Whereas pixillation is usually very successful at obscuring images otherwise unfit to be seen, the US Army is £3 billion in the hole, with its pixellated camo uniform (introduced in 2004) being dubbed a colossal mistake.
The Daily reports that soldiers have "roundly criticised the gray-green uniform for standing out almost everywhere it's been worn."
"Essentially, the Army designed a universal uniform that universally failed in every environment," a US Army specialist who served two tours in Iraq told The Daily.
Now, US Army researchers and textile technologists are working feverishly to design a new, less conspicuous camo pattern.
The goal is to give soldiers different patterns suitable for different environments, plus a single neutral pattern -- matching the whole family -- to be used on more expensive body armour and other gear. The selection will involve hundreds of computer trials as well on-the-ground testing at half a dozen locations around the world.
It's incredible that the government could spend £3 billion on a failing design... and absurd that they'd stick with this long. The Daily reports that the pixel pattern — known as Universal Camouflage Pattern, or UCF — originated with the US Marines, who called it MARPAT.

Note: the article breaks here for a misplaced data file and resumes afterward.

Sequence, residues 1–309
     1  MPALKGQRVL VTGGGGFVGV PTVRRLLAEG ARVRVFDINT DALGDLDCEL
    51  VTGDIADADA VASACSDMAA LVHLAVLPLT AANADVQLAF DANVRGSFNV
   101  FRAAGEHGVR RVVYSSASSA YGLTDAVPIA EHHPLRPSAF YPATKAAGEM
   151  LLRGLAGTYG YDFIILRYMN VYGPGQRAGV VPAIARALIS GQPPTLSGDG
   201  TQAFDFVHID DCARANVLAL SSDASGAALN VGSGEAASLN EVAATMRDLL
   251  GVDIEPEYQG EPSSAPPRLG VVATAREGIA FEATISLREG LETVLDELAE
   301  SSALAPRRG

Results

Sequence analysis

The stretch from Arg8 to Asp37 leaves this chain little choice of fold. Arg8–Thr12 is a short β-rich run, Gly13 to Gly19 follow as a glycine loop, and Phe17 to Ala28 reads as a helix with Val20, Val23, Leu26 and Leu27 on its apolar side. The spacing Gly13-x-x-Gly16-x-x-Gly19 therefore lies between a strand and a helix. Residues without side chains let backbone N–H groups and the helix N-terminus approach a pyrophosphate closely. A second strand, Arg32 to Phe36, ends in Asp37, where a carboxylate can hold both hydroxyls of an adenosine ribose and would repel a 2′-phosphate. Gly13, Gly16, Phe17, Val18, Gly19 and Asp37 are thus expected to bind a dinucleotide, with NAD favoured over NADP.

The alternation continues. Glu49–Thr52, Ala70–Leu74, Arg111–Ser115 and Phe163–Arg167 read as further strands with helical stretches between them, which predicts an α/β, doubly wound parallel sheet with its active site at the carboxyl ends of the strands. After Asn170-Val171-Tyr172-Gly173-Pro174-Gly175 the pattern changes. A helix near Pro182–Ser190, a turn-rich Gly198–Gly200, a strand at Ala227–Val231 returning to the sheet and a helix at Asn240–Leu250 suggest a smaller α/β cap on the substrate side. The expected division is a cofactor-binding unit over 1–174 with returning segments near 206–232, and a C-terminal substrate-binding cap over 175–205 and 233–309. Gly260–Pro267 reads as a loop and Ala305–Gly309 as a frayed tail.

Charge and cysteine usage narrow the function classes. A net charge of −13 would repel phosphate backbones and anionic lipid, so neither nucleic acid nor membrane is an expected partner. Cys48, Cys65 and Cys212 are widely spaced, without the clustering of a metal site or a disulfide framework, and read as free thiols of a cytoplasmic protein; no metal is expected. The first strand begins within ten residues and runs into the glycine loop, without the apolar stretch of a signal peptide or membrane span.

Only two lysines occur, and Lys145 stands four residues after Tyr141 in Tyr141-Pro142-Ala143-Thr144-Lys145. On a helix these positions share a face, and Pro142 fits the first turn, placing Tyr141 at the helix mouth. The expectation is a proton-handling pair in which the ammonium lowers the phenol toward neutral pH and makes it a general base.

The Marines even found one of the baseline colours themselves, an earth tone now called Coyote Brown.
"They went to Home Depot, looked at paint swatches, and said, ‘We want that colour,' " said Anabelle Dugas, a textile technologist at Natick who helped develop the pattern. That particular hue, she added, was part of a paint series then sold by Ralph Lauren.
The US Army at the time was low on matching pieces — making due with forest green vests over their desert-specific gear, essentially walking targets — and MARPAT was considered a trendy new cut, so the US Army, with what The Daily calls "a case of pixilated camouflage envy," decided it would sport the fancy new gear, too.
An epic mistake that cost billions of pounds and, ostensibly, many lives.
Until a new pattern is settled upon and issued — which may be as much as a year away — soldiers in Afghanistan will wear "a greenish, blended replacement called MultiCam." [TheDaily]
Image credit: Getty Images]